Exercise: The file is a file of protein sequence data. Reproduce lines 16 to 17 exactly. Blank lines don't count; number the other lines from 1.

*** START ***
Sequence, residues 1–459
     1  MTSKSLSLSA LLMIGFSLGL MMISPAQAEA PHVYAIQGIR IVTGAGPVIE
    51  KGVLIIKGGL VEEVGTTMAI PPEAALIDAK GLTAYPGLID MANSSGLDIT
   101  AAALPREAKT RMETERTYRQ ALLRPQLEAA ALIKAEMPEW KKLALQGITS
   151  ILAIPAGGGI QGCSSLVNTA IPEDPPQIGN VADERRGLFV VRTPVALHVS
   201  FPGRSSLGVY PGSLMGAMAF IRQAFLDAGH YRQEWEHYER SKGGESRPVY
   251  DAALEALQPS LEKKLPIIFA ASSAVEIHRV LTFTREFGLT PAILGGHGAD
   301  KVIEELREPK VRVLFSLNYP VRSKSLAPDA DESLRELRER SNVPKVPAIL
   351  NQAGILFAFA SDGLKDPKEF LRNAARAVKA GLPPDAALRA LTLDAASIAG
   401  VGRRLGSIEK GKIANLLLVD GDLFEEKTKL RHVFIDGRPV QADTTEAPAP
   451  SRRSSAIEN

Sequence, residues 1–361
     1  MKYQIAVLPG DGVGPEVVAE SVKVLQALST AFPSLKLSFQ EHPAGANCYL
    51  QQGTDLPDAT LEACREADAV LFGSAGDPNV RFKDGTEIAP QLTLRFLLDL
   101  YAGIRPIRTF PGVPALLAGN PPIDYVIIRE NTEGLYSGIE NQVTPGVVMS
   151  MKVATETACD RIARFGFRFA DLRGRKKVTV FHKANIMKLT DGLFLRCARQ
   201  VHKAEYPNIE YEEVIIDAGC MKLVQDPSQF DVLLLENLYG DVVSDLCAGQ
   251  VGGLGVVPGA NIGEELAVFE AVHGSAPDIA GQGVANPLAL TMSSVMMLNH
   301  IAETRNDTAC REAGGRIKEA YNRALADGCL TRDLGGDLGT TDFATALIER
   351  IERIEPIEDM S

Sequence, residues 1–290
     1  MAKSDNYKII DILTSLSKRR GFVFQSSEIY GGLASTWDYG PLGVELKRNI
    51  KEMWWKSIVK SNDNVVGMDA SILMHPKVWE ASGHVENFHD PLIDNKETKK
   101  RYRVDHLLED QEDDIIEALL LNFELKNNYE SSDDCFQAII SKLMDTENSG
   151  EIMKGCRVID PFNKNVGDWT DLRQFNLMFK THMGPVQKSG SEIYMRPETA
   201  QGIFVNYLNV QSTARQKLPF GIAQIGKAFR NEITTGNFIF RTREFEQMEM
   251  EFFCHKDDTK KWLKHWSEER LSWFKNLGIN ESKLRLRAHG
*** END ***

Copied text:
   151  MKVATETACD RIARFGFRFA DLRGRKKVTV FHKANIMKLT DGLFLRCARQ
   201  VHKAEYPNIE YEEVIIDAGC MKLVQDPSQF DVLLLENLYG DVVSDLCAGQ